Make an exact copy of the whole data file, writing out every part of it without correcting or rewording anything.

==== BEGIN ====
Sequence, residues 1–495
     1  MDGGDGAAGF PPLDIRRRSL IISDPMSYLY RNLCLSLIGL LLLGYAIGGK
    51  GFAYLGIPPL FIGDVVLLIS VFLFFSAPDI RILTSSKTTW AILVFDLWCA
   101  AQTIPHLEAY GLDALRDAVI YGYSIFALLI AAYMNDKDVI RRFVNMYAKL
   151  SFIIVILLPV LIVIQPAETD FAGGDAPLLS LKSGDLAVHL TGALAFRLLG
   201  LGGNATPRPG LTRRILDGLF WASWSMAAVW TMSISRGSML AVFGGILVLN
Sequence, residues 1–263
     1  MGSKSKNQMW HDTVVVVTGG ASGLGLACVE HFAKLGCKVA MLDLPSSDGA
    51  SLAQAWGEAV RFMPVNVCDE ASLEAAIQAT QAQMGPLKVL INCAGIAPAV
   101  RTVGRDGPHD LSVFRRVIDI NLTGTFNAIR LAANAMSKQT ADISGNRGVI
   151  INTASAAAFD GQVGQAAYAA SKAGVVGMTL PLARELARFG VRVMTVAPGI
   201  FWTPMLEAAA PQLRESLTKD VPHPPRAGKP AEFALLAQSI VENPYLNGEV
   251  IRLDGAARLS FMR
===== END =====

Sequence, residues 1–495
     1  MDGGDGAAGF PPLDIRRRSL IISDPMSYLY RNLCLSLIGL LLLGYAIGGK
    51  GFAYLGIPPL FIGDVVLLIS VFLFFSAPDI RILTSSKTTW AILVFDLWCA
   101  AQTIPHLEAY GLDALRDAVI YGYSIFALLI AAYMNDKDVI RRFVNMYAKL
   151  SFIIVILLPV LIVIQPAETD FAGGDAPLLS LKSGDLAVHL TGALAFRLLG
   201  LGGNATPRPG LTRRILDGLF WASWSMAAVW TMSISRGSML AVFGGILVLN
Sequence, residues 1–263
     1  MGSKSKNQMW HDTVVVVTGG ASGLGLACVE HFAKLGCKVA MLDLPSSDGA
    51  SLAQAWGEAV RFMPVNVCDE ASLEAAIQAT QAQMGPLKVL INCAGIAPAV
   101  RTVGRDGPHD LSVFRRVIDI NLTGTFNAIR LAANAMSKQT ADISGNRGVI
   151  INTASAAAFD GQVGQAAYAA SKAGVVGMTL PLARELARFG VRVMTVAPGI
   201  FWTPMLEAAA PQLRESLTKD VPHPPRAGKP AEFALLAQSI VENPYLNGEV
   251  IRLDGAARLS FMR